IMAGE: Gary Huntley
Pat Wellenbach  /  AP
Gary Huntley sits on one of his snowmobiles in New Gloucester, Maine, on Wednesday.
updated 2/28/2007 8:17:33 PM ET 2007-03-01T01:17:33

A snowmobile operator who encountered open water while racing across a partially frozen lake saved himself from drowning by accelerating fast enough to glide over the waves for at least a mile. Another rider was missing and presumed dead.

Gary Huntley said he had never ridden a snowmobile over water — a dangerous practice known as "skimming" — but had heard it was possible.

So when the ice on one of Maine's largest lakes abruptly ended during a ride Saturday, Huntley and a companion made a split-second decision to accelerate onto the water.

"I just thought to myself that as long as the sled is moving and I'm sitting on it, I'll be able to breathe and live," he said. "If I end up in the water, I don't have a chance."

It's widely known that snowmobiles can stay afloat for short distances on open water. The trick, riders say, is to maintain speed so that the belt driving the snowmobile becomes something of a paddle wheel. Let off the throttle, riders say, and the snowmobile will sink.

State legislators outlawed skimming in 2003, but game wardens who investigated the incident credited the riders' instincts with saving their lives.

"At least two of them did what was under the circumstances the best thing to do. But what a terrible position to be in," said Bob Meyers, executive director of the Maine Snowmobile Association.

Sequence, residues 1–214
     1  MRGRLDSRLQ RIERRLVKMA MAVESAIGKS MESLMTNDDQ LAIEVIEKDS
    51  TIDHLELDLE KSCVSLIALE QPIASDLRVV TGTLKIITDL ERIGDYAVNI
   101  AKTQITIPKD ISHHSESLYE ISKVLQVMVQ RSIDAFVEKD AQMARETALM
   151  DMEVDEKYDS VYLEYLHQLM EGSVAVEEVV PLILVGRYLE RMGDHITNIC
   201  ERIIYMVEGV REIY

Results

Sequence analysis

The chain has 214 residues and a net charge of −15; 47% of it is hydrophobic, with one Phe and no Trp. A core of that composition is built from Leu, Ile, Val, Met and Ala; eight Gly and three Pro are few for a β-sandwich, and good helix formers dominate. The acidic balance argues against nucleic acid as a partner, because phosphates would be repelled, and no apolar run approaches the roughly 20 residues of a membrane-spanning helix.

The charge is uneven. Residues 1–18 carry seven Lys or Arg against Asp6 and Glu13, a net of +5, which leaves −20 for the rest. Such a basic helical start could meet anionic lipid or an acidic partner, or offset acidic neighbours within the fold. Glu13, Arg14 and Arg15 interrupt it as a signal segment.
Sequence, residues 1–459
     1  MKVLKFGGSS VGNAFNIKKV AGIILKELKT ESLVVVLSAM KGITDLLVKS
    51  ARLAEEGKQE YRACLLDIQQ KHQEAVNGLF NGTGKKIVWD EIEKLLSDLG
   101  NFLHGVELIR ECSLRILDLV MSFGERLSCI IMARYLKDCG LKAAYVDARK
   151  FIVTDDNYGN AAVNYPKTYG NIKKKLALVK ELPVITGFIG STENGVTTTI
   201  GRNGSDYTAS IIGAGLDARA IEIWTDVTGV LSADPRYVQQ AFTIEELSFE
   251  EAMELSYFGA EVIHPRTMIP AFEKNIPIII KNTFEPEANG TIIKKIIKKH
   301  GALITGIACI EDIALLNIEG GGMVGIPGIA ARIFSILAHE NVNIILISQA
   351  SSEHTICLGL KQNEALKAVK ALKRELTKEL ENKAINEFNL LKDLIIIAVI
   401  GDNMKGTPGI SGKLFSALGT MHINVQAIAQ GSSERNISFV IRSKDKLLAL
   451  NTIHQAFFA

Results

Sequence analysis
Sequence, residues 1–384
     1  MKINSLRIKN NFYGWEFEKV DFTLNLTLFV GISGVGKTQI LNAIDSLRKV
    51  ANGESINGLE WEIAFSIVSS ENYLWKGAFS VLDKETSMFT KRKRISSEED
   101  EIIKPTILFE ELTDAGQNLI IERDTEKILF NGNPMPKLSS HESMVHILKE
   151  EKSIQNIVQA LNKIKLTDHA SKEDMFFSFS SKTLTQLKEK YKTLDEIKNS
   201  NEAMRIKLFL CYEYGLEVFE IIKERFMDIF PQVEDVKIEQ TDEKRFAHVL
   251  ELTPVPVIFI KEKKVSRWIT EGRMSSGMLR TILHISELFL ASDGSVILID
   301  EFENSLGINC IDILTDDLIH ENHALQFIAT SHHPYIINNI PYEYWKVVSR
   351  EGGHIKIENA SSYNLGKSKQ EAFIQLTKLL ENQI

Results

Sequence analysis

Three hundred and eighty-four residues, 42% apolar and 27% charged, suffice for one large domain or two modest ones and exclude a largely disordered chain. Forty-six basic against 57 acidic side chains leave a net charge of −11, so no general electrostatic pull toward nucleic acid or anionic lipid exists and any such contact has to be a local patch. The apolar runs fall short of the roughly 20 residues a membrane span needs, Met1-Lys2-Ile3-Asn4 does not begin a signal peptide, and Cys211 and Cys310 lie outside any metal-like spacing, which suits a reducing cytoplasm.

Huntley, 44, of Oxford, estimated he traveled about a mile before reaching safety. Wardens said the distance was at least two miles. A companion, Jonathan Herbster of Bedford, Mass., also survived by traveling a half-mile across the water.

A third rider, Paul Blanco of Carlisle, Mass., was missing and presumed drowned. Divers found his snowmobile in 30 feet of water, but there was no sign of his body.

Earlier that day, the men rode across three other frozen lakes that had no gaps in the ice.

Huntley said he was traveling about 40 mph when he spotted open water ahead. He figured he was already on thin ice and would sink if he stopped. So he gunned the throttle, hitting the water at 80 mph.

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